Installing Lion has sent me on a software shopping spree at the Mac App Store. It’s just such a great experience. Not only can I easily find new cool applications that I wouldn’t otherwise know about, but the whole installation process is so easy that buying and installing software “the old way” just seems archaic.
Think about it. Before the Mac App Store, unless you knew exactly the software you were after, finding an application that solved a specific need meant a Google search. Then navigating through a bunch of sites trying to find the best option. Many sites are poorly written reviews by people that have probably never used the software and are just after page views. Other’s may be promoting software because the kickback the get from affiliate links and not necessarily because they genuienly recommend it.1 Sadly, these are the ones that are usually good at SEO and creep to the top of search engine results. Meanwhile, you could easily miss the true gems. It was a nightmare trying to decide.
On top of that, once you bought an application, you needed to store the serial numbers and download links (or installers). Who is good at that?
With the Mac App Store, finding good software is much easier. There’s no need to think about serial numbers. And installing in multiple machines is not only easy, but legal.2
I’m slowly repurchasing all software on the Mac App Store just to make my life easier. It great now that syncing actually works efforlessly and I have multiple computers again.
Here’s an interesting thing that happened this week. I got an email promoting a software bundle. It was the typical US$49 deal that gets you 8 apps worth 10 times the price. There were only 3 apps that I wanted and one I already owned. The rest I didn’t care for.
I thought about it, but after considering it I just bought the 3 apps I wanted directly from the Mac App Store. Yes, it did cost me more. A whooping US$19 more. And you know what? I’m happy about that.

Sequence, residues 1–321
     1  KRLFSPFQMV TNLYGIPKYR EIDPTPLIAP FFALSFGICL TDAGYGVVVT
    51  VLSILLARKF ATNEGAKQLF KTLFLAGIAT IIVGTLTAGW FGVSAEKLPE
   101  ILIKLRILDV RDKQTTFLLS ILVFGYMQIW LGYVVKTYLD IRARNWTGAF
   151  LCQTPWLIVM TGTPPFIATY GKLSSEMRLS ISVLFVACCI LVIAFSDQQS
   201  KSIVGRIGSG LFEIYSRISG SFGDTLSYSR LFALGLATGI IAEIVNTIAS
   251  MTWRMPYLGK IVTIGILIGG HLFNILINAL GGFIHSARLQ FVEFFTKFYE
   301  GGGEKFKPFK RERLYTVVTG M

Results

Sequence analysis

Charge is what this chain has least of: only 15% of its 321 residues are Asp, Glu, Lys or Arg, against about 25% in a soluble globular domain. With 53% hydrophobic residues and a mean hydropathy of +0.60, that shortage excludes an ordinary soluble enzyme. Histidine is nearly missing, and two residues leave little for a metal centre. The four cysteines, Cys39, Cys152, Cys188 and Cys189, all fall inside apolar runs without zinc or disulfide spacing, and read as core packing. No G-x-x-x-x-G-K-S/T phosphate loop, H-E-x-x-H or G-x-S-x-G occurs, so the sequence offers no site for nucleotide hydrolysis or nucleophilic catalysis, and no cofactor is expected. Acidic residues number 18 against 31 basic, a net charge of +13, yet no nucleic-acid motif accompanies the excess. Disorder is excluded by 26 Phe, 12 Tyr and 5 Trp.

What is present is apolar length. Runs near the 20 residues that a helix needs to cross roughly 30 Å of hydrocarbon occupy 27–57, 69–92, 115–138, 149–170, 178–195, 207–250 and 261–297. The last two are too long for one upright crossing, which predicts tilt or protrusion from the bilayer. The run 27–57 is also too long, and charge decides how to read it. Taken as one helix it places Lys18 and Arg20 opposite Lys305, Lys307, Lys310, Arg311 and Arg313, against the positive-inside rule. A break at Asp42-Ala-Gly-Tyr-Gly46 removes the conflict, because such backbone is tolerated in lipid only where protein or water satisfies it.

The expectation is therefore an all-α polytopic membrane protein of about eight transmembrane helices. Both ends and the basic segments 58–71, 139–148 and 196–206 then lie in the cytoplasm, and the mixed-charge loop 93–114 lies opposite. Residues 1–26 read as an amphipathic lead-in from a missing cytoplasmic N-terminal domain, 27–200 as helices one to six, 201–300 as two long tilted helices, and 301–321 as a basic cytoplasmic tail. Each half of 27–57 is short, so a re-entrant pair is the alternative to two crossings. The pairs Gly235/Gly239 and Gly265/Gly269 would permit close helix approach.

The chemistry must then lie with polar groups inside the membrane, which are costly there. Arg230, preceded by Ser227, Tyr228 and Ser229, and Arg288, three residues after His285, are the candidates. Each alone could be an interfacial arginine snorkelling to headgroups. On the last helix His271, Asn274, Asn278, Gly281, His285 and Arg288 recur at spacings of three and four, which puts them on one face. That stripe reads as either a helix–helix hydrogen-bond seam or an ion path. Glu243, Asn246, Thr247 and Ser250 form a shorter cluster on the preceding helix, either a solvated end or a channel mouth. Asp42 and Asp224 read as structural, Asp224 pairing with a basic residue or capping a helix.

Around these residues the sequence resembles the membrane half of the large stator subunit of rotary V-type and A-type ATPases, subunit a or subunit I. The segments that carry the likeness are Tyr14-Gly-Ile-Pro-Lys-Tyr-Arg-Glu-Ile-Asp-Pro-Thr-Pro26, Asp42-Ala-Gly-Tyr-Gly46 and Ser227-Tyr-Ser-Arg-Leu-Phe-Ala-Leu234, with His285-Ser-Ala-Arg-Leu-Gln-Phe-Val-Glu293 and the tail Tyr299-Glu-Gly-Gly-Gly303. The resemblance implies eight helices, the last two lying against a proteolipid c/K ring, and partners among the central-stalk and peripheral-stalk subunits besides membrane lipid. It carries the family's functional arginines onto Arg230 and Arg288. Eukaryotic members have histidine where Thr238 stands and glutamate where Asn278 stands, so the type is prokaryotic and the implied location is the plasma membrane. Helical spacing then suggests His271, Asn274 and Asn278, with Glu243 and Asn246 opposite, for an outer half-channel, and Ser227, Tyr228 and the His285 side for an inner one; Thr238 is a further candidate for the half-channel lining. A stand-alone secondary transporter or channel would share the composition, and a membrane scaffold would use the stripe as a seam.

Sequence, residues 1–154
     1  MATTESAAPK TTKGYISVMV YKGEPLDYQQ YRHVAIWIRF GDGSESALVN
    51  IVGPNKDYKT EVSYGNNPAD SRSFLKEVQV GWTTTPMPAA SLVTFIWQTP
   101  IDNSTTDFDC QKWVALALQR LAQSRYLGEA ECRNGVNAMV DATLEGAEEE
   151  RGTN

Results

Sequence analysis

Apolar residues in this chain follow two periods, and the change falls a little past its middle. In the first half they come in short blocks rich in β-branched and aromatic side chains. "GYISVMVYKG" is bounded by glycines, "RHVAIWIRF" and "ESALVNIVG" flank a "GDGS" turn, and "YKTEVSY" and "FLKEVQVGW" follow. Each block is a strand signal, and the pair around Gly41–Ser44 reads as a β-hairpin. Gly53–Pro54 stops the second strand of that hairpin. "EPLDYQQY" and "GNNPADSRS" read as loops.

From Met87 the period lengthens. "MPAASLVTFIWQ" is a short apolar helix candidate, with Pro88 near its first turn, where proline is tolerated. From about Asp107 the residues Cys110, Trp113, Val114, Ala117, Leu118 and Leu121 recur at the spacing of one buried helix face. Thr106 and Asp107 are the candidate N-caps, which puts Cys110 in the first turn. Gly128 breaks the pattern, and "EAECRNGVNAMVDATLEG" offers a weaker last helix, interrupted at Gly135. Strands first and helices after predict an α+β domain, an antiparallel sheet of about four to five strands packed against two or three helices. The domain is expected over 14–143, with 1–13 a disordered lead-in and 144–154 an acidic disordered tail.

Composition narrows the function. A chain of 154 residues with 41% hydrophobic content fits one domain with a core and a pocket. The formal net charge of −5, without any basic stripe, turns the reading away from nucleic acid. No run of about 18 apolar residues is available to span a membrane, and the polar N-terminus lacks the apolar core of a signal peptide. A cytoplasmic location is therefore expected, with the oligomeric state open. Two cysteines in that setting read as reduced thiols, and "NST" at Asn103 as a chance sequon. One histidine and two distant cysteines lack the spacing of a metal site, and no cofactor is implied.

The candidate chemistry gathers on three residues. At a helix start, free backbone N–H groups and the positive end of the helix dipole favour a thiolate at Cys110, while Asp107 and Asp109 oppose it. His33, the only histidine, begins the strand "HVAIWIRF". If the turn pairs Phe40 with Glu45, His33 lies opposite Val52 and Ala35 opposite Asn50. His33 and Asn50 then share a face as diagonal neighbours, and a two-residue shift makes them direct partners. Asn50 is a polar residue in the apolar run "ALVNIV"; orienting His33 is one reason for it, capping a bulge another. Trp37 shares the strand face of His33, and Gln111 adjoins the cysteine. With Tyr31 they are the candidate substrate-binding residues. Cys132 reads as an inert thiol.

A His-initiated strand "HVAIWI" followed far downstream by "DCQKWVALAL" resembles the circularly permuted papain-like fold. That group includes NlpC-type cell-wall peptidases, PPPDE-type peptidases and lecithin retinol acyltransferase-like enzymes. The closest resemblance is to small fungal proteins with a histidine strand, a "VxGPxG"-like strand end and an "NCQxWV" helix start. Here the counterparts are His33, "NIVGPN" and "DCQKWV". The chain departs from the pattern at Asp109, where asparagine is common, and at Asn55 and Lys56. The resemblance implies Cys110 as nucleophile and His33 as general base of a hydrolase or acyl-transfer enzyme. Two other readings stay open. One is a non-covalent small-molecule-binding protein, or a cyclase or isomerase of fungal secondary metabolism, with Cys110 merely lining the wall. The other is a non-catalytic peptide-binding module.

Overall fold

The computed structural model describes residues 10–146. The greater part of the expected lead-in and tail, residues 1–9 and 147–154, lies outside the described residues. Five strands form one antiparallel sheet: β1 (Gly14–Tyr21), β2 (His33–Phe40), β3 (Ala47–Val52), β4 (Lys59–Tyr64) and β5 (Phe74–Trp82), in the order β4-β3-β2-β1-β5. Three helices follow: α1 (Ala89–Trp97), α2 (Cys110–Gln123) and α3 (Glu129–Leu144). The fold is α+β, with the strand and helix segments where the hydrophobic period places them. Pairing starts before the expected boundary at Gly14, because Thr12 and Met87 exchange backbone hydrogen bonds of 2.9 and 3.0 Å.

As I’ve mentioned, buying these apps through the Mac App Store gives me several advantages:
- It’s easy (which is, in itself, worth more than $20 bucks)
- I don’t have to store or remember serial numbers
- I can use them in all my computers without issues
- I get to really support the developers
That last point is important, even if Apple’s international pricing sucks .
I honestly don’t know how bundles work, but I assume each developer gets a tiny cut of the US$49 sale price. If there are 8 applications included, that means each one gets, at most, US$6.13. That, my friends, is crap. These guys work hard to bring us good software and we should be proud of paying for it.
So, I like the Mac App Store. I don’t think I’ll buy software “the old way” anymore unless I absolutely have to.
I have nothing against affiliate marketing, in fact I think it’s an awesome way to both get your product out there and reward the people that help you. I use it myself. Unfortunately, many bloggers abuse this and promote products they don’t know just to get the commission. That, to me, is unacceptable. If you’re going to recommend something to your readers I think you have the obligation of knowing the product and being honest about your opinions. ↩
The license on software sold through the Mac App Store allows you to install it in as many computers as you want as long as they’re all yours and are all using the same Apple ID. Whereas software bought elsewhere can be different, often allowing installation only on one machine. ↩